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A 2-year-old girl has a pimple-like swelling on her right middle finger that has expressed green fluid and developed erythema.
The next patient waiting to be seen at your office today is a previously healthy 2-year-old girl who, according to her father when he called for an appointment, developed a "pimple-like" swelling on the lateral aspect of her right middle finger three days ago. Now, he tells you that he expressed "green fluid" from the lesion, and that erythema developed around it over the following two days. You examine the lesion, offer a diagnosis of cellulitis, and promptly begin treatment with amoxicillin-clavulanic acid.
"Full many shapes ... in crimson colours came"
Within one week of that office visit, however, the family notes progression of the process: Red streaks extend to the base of the middle finger, where a firm nodule develops. Despite multiple antibiotic changes that you institute-cephalexin, ceftriaxone, cefadroxil-the girl's condition does not improve over the ensuing four weeks.
"I fear thy skinny hand!"
At admission for biopsy, the parents confirm the absence of fever throughout the girl's illness. She has been acting well, they report, and has not had other skin lesions on the affected finger, including vesicles or puncture wounds by a thorn, or any musculoskeletal problems. The medical history includes infrequent episodes of otitis media and well-controlled atopic dermatitis. She does not take medications other than the antibiotics you recently prescribed. Immunizations are current. She is not allergic to medications.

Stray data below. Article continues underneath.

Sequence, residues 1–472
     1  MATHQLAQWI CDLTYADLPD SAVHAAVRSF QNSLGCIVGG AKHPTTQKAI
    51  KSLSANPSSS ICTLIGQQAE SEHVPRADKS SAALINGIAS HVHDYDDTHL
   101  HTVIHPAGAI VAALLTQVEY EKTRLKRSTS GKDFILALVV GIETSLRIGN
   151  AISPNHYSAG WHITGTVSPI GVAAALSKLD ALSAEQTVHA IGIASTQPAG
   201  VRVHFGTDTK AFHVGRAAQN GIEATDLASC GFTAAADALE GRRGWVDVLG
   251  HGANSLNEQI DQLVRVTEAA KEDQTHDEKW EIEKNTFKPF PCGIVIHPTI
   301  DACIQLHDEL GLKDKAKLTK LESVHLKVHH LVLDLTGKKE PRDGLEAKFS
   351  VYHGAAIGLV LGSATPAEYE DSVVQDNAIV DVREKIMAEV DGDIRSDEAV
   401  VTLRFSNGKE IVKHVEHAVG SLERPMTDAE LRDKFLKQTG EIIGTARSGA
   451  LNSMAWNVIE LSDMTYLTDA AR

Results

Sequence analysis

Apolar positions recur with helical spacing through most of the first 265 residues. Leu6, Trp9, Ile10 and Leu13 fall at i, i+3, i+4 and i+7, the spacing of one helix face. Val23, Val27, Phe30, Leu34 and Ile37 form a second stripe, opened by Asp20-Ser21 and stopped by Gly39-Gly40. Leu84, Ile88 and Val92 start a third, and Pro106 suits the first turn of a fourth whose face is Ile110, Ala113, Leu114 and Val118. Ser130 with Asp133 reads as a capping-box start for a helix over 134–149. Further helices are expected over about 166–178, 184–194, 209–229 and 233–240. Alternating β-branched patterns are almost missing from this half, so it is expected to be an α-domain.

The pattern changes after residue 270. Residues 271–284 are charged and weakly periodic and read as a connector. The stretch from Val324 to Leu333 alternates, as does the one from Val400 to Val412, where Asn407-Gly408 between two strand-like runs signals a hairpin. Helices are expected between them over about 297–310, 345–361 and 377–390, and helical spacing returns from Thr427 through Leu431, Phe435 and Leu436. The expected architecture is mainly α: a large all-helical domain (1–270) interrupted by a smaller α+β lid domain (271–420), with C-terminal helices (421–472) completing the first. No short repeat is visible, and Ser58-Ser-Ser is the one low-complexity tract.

The family reports that they have a pet cat but deny that the girl has been bitten or scratched by the animal. The family, including your patient, has not traveled outside the northeastern region of the United States or visited a farm in recent months. The girl has no known exposure to plants or moss, or to a person with tuberculosis. The family history is negative for chronic infection, immunodeficiency, and recurrent skin infection. One parent and one sibling have atopic dermatitis and food allergy. The patient is developmentally normal.
When you examine the girl, who is sitting on her mother's lap, she is somewhat apprehensive but does not appear to be in acute distress. She easily engages in conversation and play, and uses her right hand with little evidence of discomfort. You record vital signs: temperature, 36.2°C; heart rate, 112/min; respirations, 22/min; and blood pressure, 85/55 mm Hg. She is at the 25th percentile for height and weight for her age.
The physical exam is unremarkable except for the known findings on the right hand. The middle finger of that hand is swollen and erythematous but nontender. There is also as a pea-sized nodule in mid-dorsum on the right hand.
"Now wherefore stopp'st thou me?"
You consider the diagnostic possibilities-infectious and noninfectious. An osteoid osteoma of the finger, you recall, may not be painful and is not associated with fever. Ewing sarcoma and osteosarcoma typically do not occur in toddlers, and it is the long bones that are most often involved. Because of the girl's multiple lesions and the nonworrisome radiographic findings, you conclude that neither a benign nor a malignant tumor of bone is likely.
More and more, you are convinced that this patient has an unusual infection. (More and more, you feel like that Ancient Mariner of epic poetry-your search for a diagnosis like his voyage across a sea of unusual and inexplicable creatures and unexpected occurrences in "The Rime of the Ancient Mariner." Would the hero of Samuel Taylor Coleridge's puzzling 18th-century work know just how you feel as you confront this challenging investigation?)